Terse knitters who just said "KNIT" (when they really meant 'stocking knit') or “plain” (for garter)
If you learned from a knitter, by watching, then all that was offered was a word or two—or at least that was my experience.
You were expected to be able to LOOK at a sweater, or hat, or baby blanket, and at directions that said:
Cast on X,
2 by 2 ribbing for 3 inches
(You were expected to look at the X, and figure out that X was a multiple of 4 +2, so you'd start and end the ribbing with K2 (on right side) and start and end the ribbing with P2 on wrong side. NO ONE would spell that out!
Then it would say "increase X times, evenly, and establish pattern. (And the pattern would be written out in K's and P's--not charted--unless it was color (fair isle or intarsia) No one did the math for you. No spoon feed directions to K X, then KFB, repeats across row, end row with Kx)
Arm hole and neck line shaping would be terse too—bind or cast off 4, then decrease 4 more times over the next 8 rows on each side)
No details like K1, SSk, work in pattern till marker, K2tog, k1, -- (next row purl)
The directions PRESUMED you knew enough to use SSK's and K2tog’s, and that you KNEW to make the decreases 1 or 2 stitches in from the edge.
And you would know such details—because you would have seen them incorporated into all the knitting around you.
Same goes for the style you would have learned to knit in.
Chances were, 100 (or even 50 years ago) all, or most of the people you knew and associated with, came from the same cultural background as you and your parents.
And every one learned to knit in the same style, and to use the same cast on.
When I taught myself to knit, and started holding the yarn in my left hand –it was a sort of heresy to my mother.
An Aunt, Gus—(short for Augusta) assured my mother, it was OK –She was German, and knit Continental. But then she looked at how I knit—and she too was appalled.
I flick my left finger to make stitches; I don’t move the needle the proper continental way! (Worse, I knit combo—and just learned to “play it as it lays’ when it comes to my knitting.
NO ONE could knit like that it was declared! (And yet, I did, and continued to!)
100 years ago, you learned to knit (and to cook, and to sew, and to…) without books—though even a hundred years ago, things had begun to change.
You learned to do all these things the same way your mother, and grandmother and aunts did them.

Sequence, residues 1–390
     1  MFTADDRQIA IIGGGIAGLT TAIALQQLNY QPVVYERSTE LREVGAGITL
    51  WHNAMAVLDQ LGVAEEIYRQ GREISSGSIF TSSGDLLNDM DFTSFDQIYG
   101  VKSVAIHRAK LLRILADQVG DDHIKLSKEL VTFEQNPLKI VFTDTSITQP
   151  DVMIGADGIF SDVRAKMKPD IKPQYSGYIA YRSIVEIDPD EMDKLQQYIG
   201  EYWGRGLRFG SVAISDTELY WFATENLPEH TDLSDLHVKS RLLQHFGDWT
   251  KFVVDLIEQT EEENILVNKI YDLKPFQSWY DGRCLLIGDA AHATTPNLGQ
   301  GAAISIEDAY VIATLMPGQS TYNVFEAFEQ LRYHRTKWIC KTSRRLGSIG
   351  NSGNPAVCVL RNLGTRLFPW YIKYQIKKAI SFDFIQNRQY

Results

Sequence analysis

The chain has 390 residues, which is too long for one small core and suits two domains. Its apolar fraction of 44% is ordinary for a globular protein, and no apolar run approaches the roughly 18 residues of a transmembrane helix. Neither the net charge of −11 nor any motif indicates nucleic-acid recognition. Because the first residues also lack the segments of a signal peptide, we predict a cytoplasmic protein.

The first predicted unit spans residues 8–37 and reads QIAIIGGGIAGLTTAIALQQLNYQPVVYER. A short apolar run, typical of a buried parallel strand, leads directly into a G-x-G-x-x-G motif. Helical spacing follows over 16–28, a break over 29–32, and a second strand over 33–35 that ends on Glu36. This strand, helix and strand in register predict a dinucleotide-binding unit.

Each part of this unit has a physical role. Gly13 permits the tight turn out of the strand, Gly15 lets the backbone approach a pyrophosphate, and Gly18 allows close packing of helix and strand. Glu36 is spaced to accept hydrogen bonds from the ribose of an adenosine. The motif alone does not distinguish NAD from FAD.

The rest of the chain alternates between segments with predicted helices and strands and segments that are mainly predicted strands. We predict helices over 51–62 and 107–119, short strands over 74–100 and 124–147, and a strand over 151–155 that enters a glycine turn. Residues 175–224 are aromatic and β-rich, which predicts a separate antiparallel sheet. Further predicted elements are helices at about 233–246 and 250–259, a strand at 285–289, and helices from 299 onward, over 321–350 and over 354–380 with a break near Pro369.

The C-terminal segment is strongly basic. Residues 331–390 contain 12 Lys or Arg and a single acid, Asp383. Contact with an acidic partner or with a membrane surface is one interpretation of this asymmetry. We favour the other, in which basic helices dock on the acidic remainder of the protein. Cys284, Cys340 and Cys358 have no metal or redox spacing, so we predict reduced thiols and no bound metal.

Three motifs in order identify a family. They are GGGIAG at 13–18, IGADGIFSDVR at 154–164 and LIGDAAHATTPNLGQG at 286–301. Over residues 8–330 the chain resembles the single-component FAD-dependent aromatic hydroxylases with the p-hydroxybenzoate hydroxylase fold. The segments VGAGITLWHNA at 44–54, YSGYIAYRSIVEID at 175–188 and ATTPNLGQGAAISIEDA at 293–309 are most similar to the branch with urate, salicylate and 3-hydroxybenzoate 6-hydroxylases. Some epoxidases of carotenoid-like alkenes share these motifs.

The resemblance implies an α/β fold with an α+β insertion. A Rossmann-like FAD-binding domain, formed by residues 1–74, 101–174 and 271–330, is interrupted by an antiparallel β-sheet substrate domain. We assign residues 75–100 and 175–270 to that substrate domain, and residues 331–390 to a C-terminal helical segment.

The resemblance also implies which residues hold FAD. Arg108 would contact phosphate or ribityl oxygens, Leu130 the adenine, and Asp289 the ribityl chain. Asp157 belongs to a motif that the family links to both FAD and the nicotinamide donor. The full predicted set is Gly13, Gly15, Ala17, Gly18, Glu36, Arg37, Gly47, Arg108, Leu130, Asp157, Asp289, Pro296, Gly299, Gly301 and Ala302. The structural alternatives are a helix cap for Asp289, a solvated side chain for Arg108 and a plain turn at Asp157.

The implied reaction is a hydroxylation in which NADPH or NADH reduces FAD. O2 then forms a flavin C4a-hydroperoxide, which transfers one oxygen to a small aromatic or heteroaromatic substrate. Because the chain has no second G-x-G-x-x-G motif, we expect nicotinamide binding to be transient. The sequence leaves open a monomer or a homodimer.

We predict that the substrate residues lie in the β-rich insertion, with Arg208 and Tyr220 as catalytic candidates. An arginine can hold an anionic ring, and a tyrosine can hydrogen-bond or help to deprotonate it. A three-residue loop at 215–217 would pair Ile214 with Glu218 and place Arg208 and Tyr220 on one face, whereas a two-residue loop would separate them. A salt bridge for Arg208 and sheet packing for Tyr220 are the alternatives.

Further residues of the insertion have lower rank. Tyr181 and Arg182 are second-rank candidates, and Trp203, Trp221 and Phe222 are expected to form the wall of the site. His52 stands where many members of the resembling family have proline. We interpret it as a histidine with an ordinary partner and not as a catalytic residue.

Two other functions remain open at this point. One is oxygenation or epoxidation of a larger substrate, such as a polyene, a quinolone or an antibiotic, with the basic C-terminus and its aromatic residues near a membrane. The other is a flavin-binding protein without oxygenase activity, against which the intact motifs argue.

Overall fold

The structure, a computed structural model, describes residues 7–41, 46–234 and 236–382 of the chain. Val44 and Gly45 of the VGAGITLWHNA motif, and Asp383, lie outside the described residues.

If you were middle class, you might have some needlework books that provided you with some ideas and directions for new patterns or stitches. But most of what you knit would have been the same as what your grandmother and great grand mother, and her grandmother, before her, knit.
And you’d knit in the same style—what ever the style was.
You’d have eaten the same foods too...
Before my parents (both working class residents of Dublin) immigrated to NYC neither had ever cooked or eaten rice, nor most forms of pasta.
My mother knew wheat, oatmeal and barley—rye was exotic flour.
Corn? I don’t remember my mother ever buying corn flour, (or corn muffins, or making corn bread) in my childhood
When it came to knitting, my mother was a fantastic FAST knitter.
(I have to restrain myself from pointing out to other knitters—“you could knit much faster if you...”—I don’t knit fast because I am competitive—I just thought that FAST was how you did knitting!)
She knew 2 ways to cast on—her basic cast on was ‘thumb’—the English version of working a long tail (vs. the “sling shot” American method) and the knit cast on.
She knew one way to KNIT (her way, the proper way!) –even if she did grudgingly allow that her sister in law Gus knit a different way—but then she and Gus knit very different things—Gus was more cultured, (and had grown up middle, not working class) and Gus knit for the pleasure of it—my mother knit so we kids would have warm sweaters, hats, scarves and gloves—for many years, knitting was done from need, not desire.
It’s not too different from cooking. People learned to cook at home, from their mother and grandmother, and aunts.
And they cooked the same food that they had always cooked; in the same way they had always cooked them.
NO one owned cookbooks, many didn't own measuring cups (or measuring spoons)
Things changed—especially with the industrial revolution--with new stoves, and other new equipment, with high speed transportation, moving once exotic food to market in even the smallest town.
There were new lands to explore, new opportunities to take advantage of, there were wars and destruction to get away from.
People moved! And had to learn to cook the new foods they found in their new homes. They found themselves living next to people who cook and ate very different foods (and they found very different foods for sale in their local markets.)
Today, both knitters and cooks (especially younger, hipper, more computer literate knitters!) have learned to knit and to cook from books, on-line material, and youtubes.
I am a knitter on the cusp—I grew up in a community of knitters, and learned much about knitting by observation.
Then grew into a community of knitters who learned much of what they knew from authorities, from books, from magazines, from structured classes –and the same goes for my cooking.
I learned the basics from my mother—and from Julia Child!
I have learned as much about knitting by reading about it, as I learned by exposure to knitters
So how did you learn to knit? From a community of knitter, many of them female relatives? Or from a book, filled with technical information?
In the end, the Knitting is the same—or is it?